tavern at bown CrossinG— Choose between the first level streetside balcony where all the passersby can watch you enjoy a bottle of wine and a steak, or lounge on the second-level patio with sushi and a martini. Pot roast nachos are the dish everyone talks about. 3111 S. Bown Way, 208-345-2277, tavernatbown.com. sU om $$-$$$ the trolley house—A favorite neighborhood diner with a giant menu from eggs Benedict to burgers to a low-cal section. BYOB. 1821 Warm Springs Ave., 208-345sU 9255. $-$$ zeppole bakinG Co.—See Downtown listing. 983 E. Parkcenter Blvd., 208-338–1499, zeppolesU om bakery.com. $
south boise ChiCaGo ConneCtion—See Downtown listing. 7766 Lemhi St., 208-323-1231, chicagoconnection. sU om com. $$ Ck hawaiian bbQ—Asian/ Hawaiian fusion on a budget and a schedule. 7709 Overland Road, Ste. 110, 208-376-4380, om ckhawaiianbbq.com. $$ diGG’s pizza—Neighborhood pizza restaurant offering a large variety of pizza options. Free delivery. 4646 S. Cole Rd., 208-362-3177. sU om $$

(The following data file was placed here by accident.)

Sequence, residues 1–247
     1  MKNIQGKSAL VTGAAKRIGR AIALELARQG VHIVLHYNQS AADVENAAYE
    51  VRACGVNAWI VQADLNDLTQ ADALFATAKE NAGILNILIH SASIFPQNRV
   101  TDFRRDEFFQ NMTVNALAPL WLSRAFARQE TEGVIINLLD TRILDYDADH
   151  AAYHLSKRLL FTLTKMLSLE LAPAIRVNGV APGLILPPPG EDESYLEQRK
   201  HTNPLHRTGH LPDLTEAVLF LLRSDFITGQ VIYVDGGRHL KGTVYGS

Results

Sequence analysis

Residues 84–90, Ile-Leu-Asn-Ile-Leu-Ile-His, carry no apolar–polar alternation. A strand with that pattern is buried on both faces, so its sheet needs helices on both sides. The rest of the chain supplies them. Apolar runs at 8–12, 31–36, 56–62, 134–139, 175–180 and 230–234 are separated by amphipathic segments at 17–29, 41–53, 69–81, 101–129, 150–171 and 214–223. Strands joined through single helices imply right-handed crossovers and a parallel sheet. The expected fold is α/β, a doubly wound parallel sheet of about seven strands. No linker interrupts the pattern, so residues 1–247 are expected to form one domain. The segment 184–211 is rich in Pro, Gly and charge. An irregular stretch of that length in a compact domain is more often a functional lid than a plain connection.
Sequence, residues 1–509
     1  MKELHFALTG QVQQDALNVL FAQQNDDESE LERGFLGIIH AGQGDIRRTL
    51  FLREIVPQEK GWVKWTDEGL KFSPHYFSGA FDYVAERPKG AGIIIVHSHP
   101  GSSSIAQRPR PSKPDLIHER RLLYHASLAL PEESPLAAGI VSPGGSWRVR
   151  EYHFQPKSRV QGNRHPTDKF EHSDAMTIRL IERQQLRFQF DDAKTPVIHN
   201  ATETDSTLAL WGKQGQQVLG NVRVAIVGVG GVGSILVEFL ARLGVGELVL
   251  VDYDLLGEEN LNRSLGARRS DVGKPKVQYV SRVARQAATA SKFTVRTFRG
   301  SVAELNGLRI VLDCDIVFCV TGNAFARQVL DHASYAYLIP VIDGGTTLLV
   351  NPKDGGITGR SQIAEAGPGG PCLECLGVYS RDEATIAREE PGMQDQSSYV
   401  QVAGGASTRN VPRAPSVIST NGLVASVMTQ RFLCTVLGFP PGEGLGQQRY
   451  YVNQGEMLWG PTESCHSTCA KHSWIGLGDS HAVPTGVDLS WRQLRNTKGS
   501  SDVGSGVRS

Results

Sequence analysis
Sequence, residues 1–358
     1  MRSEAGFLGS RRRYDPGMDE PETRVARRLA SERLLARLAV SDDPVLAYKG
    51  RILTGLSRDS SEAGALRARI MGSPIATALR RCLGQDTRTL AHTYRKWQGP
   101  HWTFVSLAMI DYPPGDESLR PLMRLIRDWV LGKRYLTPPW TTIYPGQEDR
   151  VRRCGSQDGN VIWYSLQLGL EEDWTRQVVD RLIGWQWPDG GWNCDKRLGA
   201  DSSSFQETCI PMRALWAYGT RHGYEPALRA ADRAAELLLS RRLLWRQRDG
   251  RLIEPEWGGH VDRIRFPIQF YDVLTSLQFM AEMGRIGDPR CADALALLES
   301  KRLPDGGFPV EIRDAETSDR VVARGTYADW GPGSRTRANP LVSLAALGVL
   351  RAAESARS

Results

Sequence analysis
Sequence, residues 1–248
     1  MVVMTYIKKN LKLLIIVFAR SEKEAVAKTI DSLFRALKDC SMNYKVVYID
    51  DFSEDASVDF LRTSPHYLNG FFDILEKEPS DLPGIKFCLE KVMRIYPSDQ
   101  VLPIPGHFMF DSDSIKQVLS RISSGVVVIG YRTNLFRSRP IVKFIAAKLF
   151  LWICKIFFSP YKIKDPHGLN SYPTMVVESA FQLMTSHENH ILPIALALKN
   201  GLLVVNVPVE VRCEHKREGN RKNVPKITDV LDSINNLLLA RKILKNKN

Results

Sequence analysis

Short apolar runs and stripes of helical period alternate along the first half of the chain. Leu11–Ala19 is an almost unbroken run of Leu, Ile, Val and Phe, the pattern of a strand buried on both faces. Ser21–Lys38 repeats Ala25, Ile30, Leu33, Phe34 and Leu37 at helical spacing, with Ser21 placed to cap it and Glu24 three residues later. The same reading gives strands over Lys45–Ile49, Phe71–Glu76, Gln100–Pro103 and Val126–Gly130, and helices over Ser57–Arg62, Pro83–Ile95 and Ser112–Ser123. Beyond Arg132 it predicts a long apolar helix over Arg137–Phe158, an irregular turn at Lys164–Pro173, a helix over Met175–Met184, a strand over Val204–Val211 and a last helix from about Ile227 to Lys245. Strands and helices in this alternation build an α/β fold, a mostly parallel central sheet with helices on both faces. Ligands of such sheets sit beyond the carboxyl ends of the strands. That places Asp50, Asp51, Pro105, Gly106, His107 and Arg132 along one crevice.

Goodwood barbeCue CoMpany—If it can be barbecued, chances are, Goodwood has it. If barbecue isn’t your thing, have steak, fish or chicken. 7849 W. Spectrum St., 208-658-7173, goodwoodbbq.com. sU om $$-$$$ le CoQ rouGe—This quaint French restaurant is family owned and run. Reservations are highly suggested. 1320 S. Maple Grove Road, 208-376-9463. $$-$$$ Res sU leGends sports pub and Grill—Legends is a stop for a weekend afternoon of game watching or a quick bite to eat before a movie. Burgers, sands, salads and lots of ice-cold beer. 7609 W. Overland Road, Ste. 100, 208-377-1819, legendspubandgrill. sU om com. $$ pad thai house—Pad Thai House is so confident that its Pad Thai is the best in Boise, the restaurant is named after it. 1473 S. Five Mile Road, 208-375-6014, om padthaihouse.net. $-$$ pollo rey—See Downtown listing. 7709 W. Overland Road, 208-375-4642, polloreyboise.com. sU om $ sushi ya—Huge selection of all-you-can-eat sushi, made fresh to order. 8915 W. Overland Road., 208-377-2000, sushiya-allyoucaneom at.com. $-$$ twisted tiMber pub and Grill—One of South Boise’s only neighborhood pubs. The menu is pub grub, and the barbecue chicken quesadilla gets all the attention. 4563 S. Cloverdale Road, 208-362-7157, ilovethetimber.com. $-$$ sU om